676 x 10" n kWm" 2 K" 4 ambient temperature (K) Using e = l-exp(. and uniform emissivity.1) .= 2 2 :i2) 4IT[(H + i ) + x ] where H is tank height (m) L is flame height (m) Solid Flame Model The diagrams in Figure 3 depict this model in which the flame is represented as a solid cylinder with uniformly radiating curved surface. Figure 3 illustrates the geometry. the extinction coefficient. the fraction of radiation f-*tgt leaving the flame that is incident upon the target area of the flame "seen" by the target (m 2 ) atmospheric transmissivity (taken here as unity) Stefan-Boltzmann constant 5. are assumed. Equation (11) may be developed using the dimensions given in Figure 1. Whence the Stefan-Boltzmann equation may be applied if an average flame temperature. SYMPOSIUM SERIES NO.CHEM.1 tan"1. . is given by F = 1 tan -1 + L [A .KD ) with values of K.^ (11) where I|J is the angle between the incident ray and the horizontal r distance from the point source to the target (m). The viewfactor.T 13) f->tgt H f where is the viewfactor. given by Atallah and Allan (12). I. In the computations reported here.E. The first of these factors was that due to Morgan and Hamilton (15). two viewfactors were used relating to a windless condition for an upright cylindrical flame. the emissivity has been taken as unity. . e.Tf. to yield Qrx y q. ie. Viewfactors for Solid Flame Model The usefulness of a prediction of thermal radiation depends in large part upon the closeness with which the viewfactor describes the geometry of the flame and the receiver. Then = rF A rea (T.2S) tan _1 /A(S .1 :i4) TfS '6(S + I! S~T I /S 2 -1 S/SB- where R = D/2 S = x/R I = 9/R 163 . 97 From Figure 1 (10) the thermal radiation at ground level from a tank f i r e is given by % = ^r C0S . F.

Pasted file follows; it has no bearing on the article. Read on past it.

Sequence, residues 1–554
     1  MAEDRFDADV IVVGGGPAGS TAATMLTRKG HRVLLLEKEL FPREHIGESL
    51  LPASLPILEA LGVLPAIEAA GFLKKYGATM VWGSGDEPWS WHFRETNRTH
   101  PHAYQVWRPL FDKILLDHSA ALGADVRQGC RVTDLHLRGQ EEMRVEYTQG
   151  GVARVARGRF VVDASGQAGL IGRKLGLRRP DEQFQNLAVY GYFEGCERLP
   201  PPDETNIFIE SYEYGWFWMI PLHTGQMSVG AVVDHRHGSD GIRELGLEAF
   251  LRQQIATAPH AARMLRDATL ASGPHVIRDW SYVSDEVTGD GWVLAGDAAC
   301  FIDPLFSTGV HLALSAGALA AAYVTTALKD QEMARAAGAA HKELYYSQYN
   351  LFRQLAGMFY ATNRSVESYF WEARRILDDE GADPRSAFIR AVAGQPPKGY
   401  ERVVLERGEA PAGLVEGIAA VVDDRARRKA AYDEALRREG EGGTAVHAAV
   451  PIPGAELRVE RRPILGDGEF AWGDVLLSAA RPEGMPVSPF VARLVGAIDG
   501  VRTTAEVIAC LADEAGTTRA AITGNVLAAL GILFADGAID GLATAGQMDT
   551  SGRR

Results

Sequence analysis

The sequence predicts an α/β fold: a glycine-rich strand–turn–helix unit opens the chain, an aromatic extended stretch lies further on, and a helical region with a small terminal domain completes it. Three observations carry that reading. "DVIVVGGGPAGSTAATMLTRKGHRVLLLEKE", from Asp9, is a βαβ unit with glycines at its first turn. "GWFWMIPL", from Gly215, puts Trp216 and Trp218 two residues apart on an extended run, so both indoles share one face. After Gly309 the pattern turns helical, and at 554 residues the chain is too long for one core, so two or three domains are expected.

buildings and people. these viewfactors have been used in equation (13) of the Solid Flame Model. Unit area (1 m 2 ) is assumed for the target element. Of the tank-flame system.L + H) . 97 A = (S + l ) 2 + L2 B = (S . Thus for storage tanks. In the context of Figure 3. three targets arise for consideration. 7x ir^un Using the Reciprocal Theorem. SYMPOSIUM SERIES NO. the inverse square law was then applied.H)] o (T f 4 . radiation from the tank can be ignored so that q at target 1 (Figure 3) is given by q r = [F(x. but can be adapted to pool fires by putting H = 0. Radiation which was assumed to be 30% of the thermal output of the flame. maximum intensity of radiation is received at target 2 (Figure 3 ) . Pool fire.E. if adjacent tanks are of the same height.T Q 4 ) (16) Equivalent Radiator Model This model was originally used by Seeger (22) for tank fires. the maximum intensity is at target 3 (Figure 3 ) . was assumed to be emitted from an equivalent radiator of dimensions D x 2D. Determination of radiation profiles may be made by direct use of either equation (14) or (15) in equation (13).l ) 2 + L 2 The second (14) which yields more conservative results based on the solid angle subtended at a point. The viewfactors (equations (14) and (15)) may be used as before.Ffx. The subsequent estimation is based on a datum through the mid- point of the flame. opposite to the mid-point of the flame.3 m" Mc (TT/4)D 2 (17) The emissive power of the flame q f is given by f 2W 164 .CHEM. The model was described in terms of the equations that follow: these are based on Figure 2. The approximate viewfactor ER model given by Wells (23) based on Robertson's (11) work is described hereunder. is F = 2 sin"1 D sin tan"1 L :i5. I. Q r = 0. Tank fire. Consideration of radiation incident upon people is usually concerned with those on the ground. ie. the numerical value must be doubled to take account of the bottom half of the flame. The calculation of this intensity is identical to that for the ground level pool fire. The viewfactor must be determined accordingly. This treatment will be discussed later. Intensity can then be calculated using the Stefan-Boltzmann equation. For buildings that are taller than the total height of the tank fire. viz storage tanks.